Why Airbnb is becoming a publisher

Airbnb launched glossy travel magazine.
Airbnb launched glossy travel magazine.

Few companies better epitomize the potential for digital disruption than Airbnb

In six short years it has gone from startup to $10 billion business, rewriting the rules of holiday rentals along the way.

It might come as a surprise then, that this digital pioneer should enter the world of print – however, that’s exactly what Airbnb has done. 

The result is Pineapple, a 128-page, ad-free magazine that hosts a variety of travel features from three of the company’s most popular destinations: London, San Francisco and Seoul.

Airbnb is not alone in investing in the printed word; both technology news website CNET and online retailers Net-a-Porter and ASOS all have magazines to support their online offerings.

This move from brands as advertisers to brands becoming fully fledged publishers marks a major shift in the marketing landscape and it is driven by three primary factors: capturing attention, influencing choice and conveying values.

In an average day, consumers are exposed to more than 3,500 advertising messages – a figure that has increased tenfold since the 1970s.  

With competition so high, it has become increasingly difficult to hold a consumer’s attention.
Unlike traditional advertising, content – whether it is editorial, video or in graphic form – makes a crucial leap from talking at consumers to sharing with them.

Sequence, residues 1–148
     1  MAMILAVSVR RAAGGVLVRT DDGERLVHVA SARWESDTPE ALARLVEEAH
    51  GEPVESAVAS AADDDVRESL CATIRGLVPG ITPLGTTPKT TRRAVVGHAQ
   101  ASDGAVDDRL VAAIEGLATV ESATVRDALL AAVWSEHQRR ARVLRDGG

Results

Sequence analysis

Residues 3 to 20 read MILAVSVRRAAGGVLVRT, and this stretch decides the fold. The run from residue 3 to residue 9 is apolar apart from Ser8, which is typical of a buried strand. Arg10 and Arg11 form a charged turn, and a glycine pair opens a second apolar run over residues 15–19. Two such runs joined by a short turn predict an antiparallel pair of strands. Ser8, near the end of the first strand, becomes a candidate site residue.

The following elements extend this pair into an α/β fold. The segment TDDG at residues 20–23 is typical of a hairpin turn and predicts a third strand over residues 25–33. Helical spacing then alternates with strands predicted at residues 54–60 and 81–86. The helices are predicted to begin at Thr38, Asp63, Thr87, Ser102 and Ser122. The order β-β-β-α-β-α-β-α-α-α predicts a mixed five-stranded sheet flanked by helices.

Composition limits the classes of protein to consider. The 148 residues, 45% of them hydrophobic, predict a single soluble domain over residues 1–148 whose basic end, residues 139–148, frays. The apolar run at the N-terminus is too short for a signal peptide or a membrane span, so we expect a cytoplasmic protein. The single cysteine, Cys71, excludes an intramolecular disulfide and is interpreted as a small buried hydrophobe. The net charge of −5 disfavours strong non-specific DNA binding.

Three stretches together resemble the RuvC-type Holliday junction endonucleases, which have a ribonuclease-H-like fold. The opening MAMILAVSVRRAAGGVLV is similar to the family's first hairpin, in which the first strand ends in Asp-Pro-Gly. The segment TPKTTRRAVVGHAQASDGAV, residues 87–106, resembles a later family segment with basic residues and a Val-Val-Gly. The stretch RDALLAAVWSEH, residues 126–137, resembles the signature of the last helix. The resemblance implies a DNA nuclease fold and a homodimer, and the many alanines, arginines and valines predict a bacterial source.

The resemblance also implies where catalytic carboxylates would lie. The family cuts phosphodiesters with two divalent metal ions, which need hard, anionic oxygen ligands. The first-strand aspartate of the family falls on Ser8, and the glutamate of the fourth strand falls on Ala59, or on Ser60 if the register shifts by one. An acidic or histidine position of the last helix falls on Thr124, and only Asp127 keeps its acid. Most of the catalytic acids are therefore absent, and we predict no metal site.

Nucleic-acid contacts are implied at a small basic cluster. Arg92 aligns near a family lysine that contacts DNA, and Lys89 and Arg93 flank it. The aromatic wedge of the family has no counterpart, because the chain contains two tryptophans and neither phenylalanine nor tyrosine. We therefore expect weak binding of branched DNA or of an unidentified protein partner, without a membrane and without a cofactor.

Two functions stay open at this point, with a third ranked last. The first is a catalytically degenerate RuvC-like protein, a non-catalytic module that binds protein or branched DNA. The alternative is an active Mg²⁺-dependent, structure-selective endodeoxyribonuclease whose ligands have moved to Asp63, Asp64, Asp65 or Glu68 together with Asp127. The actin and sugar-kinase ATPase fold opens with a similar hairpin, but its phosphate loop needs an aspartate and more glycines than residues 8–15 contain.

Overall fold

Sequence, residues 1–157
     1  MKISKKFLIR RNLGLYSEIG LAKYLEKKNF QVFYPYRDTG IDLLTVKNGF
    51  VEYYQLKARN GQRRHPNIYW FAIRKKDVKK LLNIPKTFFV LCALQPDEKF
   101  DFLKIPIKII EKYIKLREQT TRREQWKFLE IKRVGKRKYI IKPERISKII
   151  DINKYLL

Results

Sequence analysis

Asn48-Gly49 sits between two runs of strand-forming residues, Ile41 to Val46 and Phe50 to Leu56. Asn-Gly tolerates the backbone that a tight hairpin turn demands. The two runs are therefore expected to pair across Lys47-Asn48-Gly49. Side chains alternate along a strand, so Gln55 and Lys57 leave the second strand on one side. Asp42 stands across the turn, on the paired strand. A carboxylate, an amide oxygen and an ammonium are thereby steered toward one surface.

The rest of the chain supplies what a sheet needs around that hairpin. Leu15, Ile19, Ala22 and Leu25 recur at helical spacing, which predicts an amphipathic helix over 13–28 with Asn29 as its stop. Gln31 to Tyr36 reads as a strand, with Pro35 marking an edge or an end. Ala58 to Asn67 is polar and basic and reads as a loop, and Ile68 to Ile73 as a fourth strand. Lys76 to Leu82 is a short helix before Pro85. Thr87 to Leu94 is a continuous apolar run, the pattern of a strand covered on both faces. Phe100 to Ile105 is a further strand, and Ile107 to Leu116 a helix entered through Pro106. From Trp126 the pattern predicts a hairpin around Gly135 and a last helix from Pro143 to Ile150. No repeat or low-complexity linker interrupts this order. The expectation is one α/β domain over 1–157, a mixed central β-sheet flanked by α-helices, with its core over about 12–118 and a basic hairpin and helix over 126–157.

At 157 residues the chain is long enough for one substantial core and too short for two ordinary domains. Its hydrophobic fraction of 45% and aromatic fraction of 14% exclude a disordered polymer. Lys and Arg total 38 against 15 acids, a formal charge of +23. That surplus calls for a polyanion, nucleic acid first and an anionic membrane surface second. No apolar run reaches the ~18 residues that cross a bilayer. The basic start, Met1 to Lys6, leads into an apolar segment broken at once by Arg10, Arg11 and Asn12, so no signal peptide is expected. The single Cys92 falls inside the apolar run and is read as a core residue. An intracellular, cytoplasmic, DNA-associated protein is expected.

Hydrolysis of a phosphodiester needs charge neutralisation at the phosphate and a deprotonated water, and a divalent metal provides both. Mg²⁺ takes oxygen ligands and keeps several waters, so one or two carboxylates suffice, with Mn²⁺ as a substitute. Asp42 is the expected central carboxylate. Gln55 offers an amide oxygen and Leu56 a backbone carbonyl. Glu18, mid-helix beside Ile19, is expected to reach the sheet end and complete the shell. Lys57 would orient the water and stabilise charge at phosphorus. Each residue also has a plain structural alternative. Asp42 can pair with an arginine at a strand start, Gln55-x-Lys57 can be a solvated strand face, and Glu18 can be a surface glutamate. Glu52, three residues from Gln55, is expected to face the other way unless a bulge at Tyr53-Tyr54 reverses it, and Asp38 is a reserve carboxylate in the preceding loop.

This in turn makes content far more memorable – after all you probably don’t remember any of the ads in this morning’s paper, but there’s a good chance you remember one of the articles.

The second problem that content addresses for brands is that of choice and standing out from the crowd. 

The Internet has allowed retailers of every kind to offer consumers a far greater range of products than would ever be possible in a physical premises. 

Paradoxically, however, this increase in choice can leave consumers struggling to make a decision and consequently making no purchase at all.

Content helps customers to make sense of and navigate this plethora of choice. 

For example, 93 percent of global travelers say their booking decisions have been influenced by online reviews. 

For a company like Airbnb, creating content that becomes a part of this decision-making process is crucial to retaining market share.

The third benefit content offers brands is that it allows them to establish trust in the minds of consumers, better communicating their brand and values. 

With trust in businesses at record lows following the recession, it is more important than ever to be able to develop relationships with your consumers, encouraging them to engage with your brand over time.

Advertising can be highly effective in raising brand awareness, but it is becoming increasingly ineffective as the cost of acquisition creeps up. 

Content’s ability to capture and hold the attention of a consumer allows brands the opportunity to differentiate themselves.

The caveat to all this is, of course, quality. 

If content is to capture attention, influence choice and conveying brand values, it must be created to a high enough standard that consumers will find both enjoyment and value in consuming it. 

The importance of quality is something that both Porter — placed under the command of a former Harper’s Bazaar editor— and Pineapple — printed in coffee-table quality and containing the work of award winning photographers — evidently understand.

2015 will, no doubt, see more and more brands joining the race to create engaging content; their objective should not only be to publish more, it should be to publish better.

Ed Bussey is founder and CEO of global content-creation firm Quill.

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